Anderson tapped Brian Eno to produce her return to the recording studio, Bright Red (1994 Warner). In many ways this is the quintessential Laurie Anderson album and it's among her best. The LP is less polished and more immediate than Strange Angels, but also a little thornier. She balances spoken and sung vocals, making great use of the vocoder throughout and transforming her voice into a range of other personae. A chilly ambience pervades the record but it remains quite a compelling listen. Anderson's romantic partner Lou Reed sings on "In Our Sleep," marking the first of several collaborations between the two. Laurie Anderson quickly followed with another live album, The Ugly One with the Jewels and Other Stories (1995 Atlantic). Using minimal instrumental backing, Anderson brought her storytelling ability to the forefront here (as the album's title suggests). A subtle work that requires intent listening, it is nonetheless quite rewarding, particularly for those who appreciate Anderson's mesmeric speaking voice and gloriously odd expositions. Unfortunately, the record was her first not to reach Billboard.


            Another lengthy period of time elapsed between Laurie Anderson releases. At the dawn of the new millennium, the two-disc retrospective Talk Normal: The Laurie Anderson Anthology (2000 Rhino) was released. The following year she finally issued an album of new studio material, the Hal Wilner-produced Life on a String (2001 Nonesuch). The lushly recorded CD was her prettiest and most buoyant since Strange Angels. As its title implies, strings play a key role in the album's sumptuous sound. One year later Laurie Anderson again quickly followed a studio album with a live release. The double-disc Live in New York (2002 Nonesuch) was recorded in NYC just one week after 9-11. Unusually for Anderson, the concert features material from throughout her career, providing an alternate "best of" to Talk Normal, perfect for those fans who like her live works best.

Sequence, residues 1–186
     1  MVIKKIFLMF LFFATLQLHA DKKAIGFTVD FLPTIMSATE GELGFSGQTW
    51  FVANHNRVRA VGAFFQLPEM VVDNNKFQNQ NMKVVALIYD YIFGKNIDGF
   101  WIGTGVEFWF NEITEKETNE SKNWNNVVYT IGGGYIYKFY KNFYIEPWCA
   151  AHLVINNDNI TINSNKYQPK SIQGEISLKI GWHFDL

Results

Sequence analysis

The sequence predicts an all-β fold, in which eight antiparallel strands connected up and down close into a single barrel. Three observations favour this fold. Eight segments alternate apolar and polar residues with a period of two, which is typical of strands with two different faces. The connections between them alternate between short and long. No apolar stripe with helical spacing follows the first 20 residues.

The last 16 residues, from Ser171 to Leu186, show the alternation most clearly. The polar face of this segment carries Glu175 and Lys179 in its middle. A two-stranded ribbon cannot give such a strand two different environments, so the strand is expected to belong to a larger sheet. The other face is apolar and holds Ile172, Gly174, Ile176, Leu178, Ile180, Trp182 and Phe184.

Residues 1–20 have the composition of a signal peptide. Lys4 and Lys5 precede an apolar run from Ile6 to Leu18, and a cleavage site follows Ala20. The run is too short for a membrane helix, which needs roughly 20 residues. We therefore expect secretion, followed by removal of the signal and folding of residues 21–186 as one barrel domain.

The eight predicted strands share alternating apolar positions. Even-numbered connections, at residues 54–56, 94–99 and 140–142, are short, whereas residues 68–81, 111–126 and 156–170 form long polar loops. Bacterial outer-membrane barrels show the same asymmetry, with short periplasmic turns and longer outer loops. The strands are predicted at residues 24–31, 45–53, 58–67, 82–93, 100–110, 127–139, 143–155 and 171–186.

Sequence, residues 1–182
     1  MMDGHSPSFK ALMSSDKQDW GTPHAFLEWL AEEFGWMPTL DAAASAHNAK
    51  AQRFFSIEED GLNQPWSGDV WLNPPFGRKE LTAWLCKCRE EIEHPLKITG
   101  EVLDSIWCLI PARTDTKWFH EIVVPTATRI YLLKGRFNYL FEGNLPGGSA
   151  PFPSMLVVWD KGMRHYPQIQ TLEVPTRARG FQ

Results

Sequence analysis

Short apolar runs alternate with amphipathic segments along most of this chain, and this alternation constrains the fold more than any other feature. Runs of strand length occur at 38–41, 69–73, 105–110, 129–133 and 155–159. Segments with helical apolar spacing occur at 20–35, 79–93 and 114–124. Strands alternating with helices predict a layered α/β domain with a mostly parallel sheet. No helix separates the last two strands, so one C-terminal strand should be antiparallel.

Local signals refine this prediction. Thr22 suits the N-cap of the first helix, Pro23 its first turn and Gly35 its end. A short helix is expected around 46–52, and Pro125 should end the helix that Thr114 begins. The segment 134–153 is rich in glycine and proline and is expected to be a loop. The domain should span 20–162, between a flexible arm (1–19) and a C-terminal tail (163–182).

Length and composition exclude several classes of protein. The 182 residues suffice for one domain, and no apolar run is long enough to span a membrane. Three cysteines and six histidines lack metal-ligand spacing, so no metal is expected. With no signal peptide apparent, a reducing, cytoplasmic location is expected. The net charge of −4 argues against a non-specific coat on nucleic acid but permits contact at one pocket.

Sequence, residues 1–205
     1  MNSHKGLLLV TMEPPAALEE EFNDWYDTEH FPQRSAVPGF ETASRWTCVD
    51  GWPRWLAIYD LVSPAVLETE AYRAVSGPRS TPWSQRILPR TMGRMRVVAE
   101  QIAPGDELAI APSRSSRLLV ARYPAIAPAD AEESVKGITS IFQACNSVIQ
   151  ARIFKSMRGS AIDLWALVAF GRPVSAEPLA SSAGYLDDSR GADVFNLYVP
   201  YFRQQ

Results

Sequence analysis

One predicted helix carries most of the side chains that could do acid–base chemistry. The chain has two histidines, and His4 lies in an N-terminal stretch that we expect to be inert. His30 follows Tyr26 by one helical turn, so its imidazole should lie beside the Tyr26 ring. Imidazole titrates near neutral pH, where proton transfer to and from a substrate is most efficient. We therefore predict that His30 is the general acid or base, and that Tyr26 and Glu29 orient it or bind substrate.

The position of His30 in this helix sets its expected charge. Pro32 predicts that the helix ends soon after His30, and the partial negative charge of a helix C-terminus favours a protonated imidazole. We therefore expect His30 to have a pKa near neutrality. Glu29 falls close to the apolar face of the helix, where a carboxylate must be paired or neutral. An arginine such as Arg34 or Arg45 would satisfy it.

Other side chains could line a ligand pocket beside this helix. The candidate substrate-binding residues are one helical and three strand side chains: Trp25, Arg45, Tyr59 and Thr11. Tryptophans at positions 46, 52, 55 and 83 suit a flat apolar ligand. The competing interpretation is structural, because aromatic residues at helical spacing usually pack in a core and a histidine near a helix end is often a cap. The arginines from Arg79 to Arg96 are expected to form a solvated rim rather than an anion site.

Laurie Anderson has built a very strong body of recordings, both live and studio. After years of toiling away to little acclaim, she became a popular and artistically successful recording artist, receiving strong praise from critics and contributing some of the more offbeat entries to the Billboard album charts of the 1980s and early '90s. Currently, Anderson is in the studio recording her next album, titled Homeland which is set to be released in 2009.